I am a Syrian Freedom activist. As an anti-war protestor, I have marched in the streets and shut down the bay bridge and been arrested. I am anti-war and a peacenik to the core. But for over a year, I have been demanding that my government intervene in the situation in Syria. Because we can’t have peace if we don’t stop the killing first.
Being a Syrian Freedom activist is gut wrenching, traumatizing, and frustrating. I watched livestreams from Homs before the massacre at Baba Amr, the last, best hope for a simple intervention. If the world had stood up to Assad’s regime in the last days of the siege in Baba Amr, if it has even pledged to bring him to justice for his crimes, it could have ended there. Instead, the world turned away as regime troops and units of the brutal and sadistic shabiha were allowed to enter Baba Amr after rebel units withdrew from the town and slaughter the civilians remaining there.
The response of my government was to “condemn” the actions of Assad, “urge” him to stop killing the people of Syria, and pledge to take no action to interfere with Assad’s killing spree. Since that time, an additional 70,000 people have been killed, mostly civilians, and 4 million people are fleeing for their lives; either refugees in another country, or searching for safety inside Syria. Half Syria’s refugees are children. A fifth of the Syrian population faces starvation.
The United Nations’ Human Rights Commission has written reports documenting the use of rape as a tool of the Assad regime, and the dark labyrinth of Assad’s dungeons and the extent of torture, rape and murder there.
Thanks to the internet, Assad has not been able to hide his crimes. While some of the people who began as protestors have taken up arms against the regime since it met those protests with fatal gunfire, others have chosen to document the crimes of the regime and get them out to an indifferent world at great personal risk. Some of these crimes, I will never forget:
Someone tweeting from a government checkpoint where women were being separated from a group of refugees and taken away.
A photograph of a 2 year-old boy in a makeshift hospital who had survived an attack by Assad’s shabiha; each small pale arm and leg slashed almost to the bone with a razor. There is no medical equipment anymore to treat any of the mounting casualties from daily regime shelling and airial bombardment in hundreds of separate locations around Syria.
A photograph of a gutter filled with charred body parts after another massacre.
A little girl who at first looks alive in her little bedroom, until you see the blood staining her pink nightgown.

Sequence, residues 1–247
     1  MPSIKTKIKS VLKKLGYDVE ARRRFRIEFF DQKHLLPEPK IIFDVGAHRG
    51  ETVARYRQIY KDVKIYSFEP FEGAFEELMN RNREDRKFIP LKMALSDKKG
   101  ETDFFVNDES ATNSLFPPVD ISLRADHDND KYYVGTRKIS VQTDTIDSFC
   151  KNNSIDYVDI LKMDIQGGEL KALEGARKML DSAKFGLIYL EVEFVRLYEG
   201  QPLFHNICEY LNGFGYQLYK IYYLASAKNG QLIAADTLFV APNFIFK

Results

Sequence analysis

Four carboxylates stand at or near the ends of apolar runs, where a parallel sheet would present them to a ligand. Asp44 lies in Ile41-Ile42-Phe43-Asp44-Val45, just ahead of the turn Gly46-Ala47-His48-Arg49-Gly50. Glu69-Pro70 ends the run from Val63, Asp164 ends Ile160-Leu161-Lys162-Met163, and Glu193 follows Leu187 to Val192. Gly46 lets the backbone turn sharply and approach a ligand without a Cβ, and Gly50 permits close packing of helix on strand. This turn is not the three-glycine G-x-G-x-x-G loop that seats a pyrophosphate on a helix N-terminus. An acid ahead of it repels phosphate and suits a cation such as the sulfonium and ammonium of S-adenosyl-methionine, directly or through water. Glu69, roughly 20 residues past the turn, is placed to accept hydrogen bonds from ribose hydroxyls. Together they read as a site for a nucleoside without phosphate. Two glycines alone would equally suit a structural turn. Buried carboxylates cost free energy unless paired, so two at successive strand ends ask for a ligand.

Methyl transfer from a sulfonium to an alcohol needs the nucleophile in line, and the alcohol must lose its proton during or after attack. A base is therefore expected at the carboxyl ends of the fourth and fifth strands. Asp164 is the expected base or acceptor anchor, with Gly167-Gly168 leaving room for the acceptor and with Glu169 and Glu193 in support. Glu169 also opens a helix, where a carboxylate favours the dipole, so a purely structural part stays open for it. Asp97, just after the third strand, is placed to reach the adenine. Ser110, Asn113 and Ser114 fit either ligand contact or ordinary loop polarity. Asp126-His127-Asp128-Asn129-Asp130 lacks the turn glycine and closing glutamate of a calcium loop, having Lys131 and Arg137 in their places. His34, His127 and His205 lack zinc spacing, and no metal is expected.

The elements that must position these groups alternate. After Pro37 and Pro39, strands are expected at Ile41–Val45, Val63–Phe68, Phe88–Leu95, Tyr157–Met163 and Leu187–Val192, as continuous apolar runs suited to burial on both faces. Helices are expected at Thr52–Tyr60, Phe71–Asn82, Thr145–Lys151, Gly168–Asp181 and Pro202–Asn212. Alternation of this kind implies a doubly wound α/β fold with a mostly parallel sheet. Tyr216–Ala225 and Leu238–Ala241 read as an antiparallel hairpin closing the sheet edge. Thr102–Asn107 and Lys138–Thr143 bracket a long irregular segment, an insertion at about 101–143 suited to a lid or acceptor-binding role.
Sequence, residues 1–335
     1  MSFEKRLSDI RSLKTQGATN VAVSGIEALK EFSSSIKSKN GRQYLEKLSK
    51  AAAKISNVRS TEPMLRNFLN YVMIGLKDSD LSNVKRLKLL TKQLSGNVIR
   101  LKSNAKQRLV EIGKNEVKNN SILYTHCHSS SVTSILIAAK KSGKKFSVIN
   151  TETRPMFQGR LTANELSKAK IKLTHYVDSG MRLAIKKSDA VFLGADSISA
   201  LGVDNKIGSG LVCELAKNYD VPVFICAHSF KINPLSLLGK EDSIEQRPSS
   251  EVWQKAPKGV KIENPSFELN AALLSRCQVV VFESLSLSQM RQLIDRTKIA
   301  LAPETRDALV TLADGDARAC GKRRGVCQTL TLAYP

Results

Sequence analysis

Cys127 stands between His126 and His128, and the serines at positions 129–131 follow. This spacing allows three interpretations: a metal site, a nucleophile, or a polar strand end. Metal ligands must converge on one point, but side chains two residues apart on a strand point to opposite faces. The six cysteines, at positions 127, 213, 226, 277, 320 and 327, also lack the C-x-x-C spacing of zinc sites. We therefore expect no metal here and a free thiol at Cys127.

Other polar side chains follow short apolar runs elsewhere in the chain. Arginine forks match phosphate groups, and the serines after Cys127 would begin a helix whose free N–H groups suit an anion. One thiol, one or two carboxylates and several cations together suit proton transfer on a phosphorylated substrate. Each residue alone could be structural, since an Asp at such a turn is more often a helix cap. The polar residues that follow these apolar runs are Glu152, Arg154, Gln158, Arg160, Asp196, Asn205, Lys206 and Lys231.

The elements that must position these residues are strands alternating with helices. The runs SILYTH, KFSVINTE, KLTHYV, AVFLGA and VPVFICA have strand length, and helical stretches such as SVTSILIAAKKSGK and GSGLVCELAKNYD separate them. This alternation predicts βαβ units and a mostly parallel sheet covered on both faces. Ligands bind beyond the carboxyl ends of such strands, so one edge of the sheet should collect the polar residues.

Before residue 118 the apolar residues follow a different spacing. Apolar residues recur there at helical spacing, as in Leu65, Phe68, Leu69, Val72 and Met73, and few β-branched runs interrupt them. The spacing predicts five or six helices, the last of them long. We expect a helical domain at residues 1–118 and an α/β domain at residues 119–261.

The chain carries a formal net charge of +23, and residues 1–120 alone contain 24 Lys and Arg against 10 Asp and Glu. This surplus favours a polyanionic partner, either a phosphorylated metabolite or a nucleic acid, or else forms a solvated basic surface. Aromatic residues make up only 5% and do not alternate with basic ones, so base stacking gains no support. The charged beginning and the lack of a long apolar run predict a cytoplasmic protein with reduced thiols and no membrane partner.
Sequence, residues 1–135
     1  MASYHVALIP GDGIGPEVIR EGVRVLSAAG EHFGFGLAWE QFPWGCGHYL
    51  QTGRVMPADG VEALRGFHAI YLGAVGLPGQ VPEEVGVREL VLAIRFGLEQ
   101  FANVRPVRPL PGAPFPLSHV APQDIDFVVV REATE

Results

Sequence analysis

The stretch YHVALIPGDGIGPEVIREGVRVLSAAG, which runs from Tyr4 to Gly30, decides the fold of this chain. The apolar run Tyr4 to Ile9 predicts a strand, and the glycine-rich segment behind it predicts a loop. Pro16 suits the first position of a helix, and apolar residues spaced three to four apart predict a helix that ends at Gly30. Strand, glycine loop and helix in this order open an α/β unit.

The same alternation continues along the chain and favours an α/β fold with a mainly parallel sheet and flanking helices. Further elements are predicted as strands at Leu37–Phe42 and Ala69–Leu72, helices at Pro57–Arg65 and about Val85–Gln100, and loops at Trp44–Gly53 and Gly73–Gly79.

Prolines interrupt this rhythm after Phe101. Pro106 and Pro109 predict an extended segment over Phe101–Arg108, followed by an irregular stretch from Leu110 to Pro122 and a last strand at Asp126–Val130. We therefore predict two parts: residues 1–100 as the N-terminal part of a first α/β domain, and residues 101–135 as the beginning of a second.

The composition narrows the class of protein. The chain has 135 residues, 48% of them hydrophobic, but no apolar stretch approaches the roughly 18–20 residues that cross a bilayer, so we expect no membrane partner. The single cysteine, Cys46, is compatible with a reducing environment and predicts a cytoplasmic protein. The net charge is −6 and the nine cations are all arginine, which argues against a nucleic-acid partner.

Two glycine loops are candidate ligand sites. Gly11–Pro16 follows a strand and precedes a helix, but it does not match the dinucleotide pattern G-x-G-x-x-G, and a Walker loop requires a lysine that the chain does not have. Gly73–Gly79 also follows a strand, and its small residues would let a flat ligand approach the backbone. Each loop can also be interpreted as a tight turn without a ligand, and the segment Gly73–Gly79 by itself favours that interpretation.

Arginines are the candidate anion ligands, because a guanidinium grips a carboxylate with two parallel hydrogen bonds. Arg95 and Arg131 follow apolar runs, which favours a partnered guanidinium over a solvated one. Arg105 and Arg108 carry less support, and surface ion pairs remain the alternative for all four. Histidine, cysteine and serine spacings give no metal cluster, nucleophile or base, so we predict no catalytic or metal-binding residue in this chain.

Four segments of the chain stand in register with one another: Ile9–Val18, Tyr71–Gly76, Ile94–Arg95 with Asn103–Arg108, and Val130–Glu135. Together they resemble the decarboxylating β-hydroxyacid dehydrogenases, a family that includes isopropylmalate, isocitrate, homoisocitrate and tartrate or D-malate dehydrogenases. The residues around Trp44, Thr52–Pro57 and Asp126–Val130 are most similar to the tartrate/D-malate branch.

I have seen pile after pile of dead bodies of men, women and children, from massacre after massacre after massacre; the videos of wailing wives and mothers and husbands and fathers; and pictures of child martyrs and of living children holding the hope of peace in their eyes as they make the sign for peace with their little fingers.
But from the beginning, I decided not to turn away. I decided to do what I can to raise awareness of the situation in Syria, and advocate for support for the rebel fighters and the refugees. As a Syrian Freedom activist, I send messages of moral support to the on-line activists in Syria, post positive comments for the rebel fighters, monitor the internet for atrocities and let my elected representatives know that I know what is happening. I pray a lot, I cry occasionally, mostly out of frustration.
I seem to be in a constant flame war with people who think the Syrian rebels are Al-Quaeda. These are the same people who think all muslims are Al-Quaeda, and that the President is a Muslim. Al Quaeda only entered Syria after the rest of the world refused to help the rebels, who were facing regime army planes and rockets with small guns and very little ammunition. The Syrians see them as a problem only second to Assad himself.
But I also fight my friends, the peace people. I don’t think it is peaceful to ignore screams for help. I believe the efficacy of doing nothing in Syria has been proven in reverse. To me, peace is a goal, not a strategy. I understand that Americans are war-weary, and that they feel especially skeptical of an intervention based on claims of chemical weapons. I do not want any Amercan service member killed or maimed or separated from their families ever again. But ignoring brutal dictators as they commit atrocities and terrorize the population and bomb the country into oblivion is not the path to peace. At present, diplomacy is only a license to kill, a promise not to intervene until a certain date.
It will take decades for the Syrian people to recover from their wounds and rebuild their country, but that process can not even start if the world does not stand up and demand an immediate end to the killing.